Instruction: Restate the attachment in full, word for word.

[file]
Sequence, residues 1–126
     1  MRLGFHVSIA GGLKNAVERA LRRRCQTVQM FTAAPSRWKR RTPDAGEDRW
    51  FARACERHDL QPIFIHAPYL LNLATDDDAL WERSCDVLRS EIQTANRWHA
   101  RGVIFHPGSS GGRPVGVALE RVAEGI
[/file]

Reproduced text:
Sequence, residues 1–126
     1  MRLGFHVSIA GGLKNAVERA LRRRCQTVQM FTAAPSRWKR RTPDAGEDRW
    51  FARACERHDL QPIFIHAPYL LNLATDDDAL WERSCDVLRS EIQTANRWHA
   101  RGVIFHPGSS GGRPVGVALE RVAEGI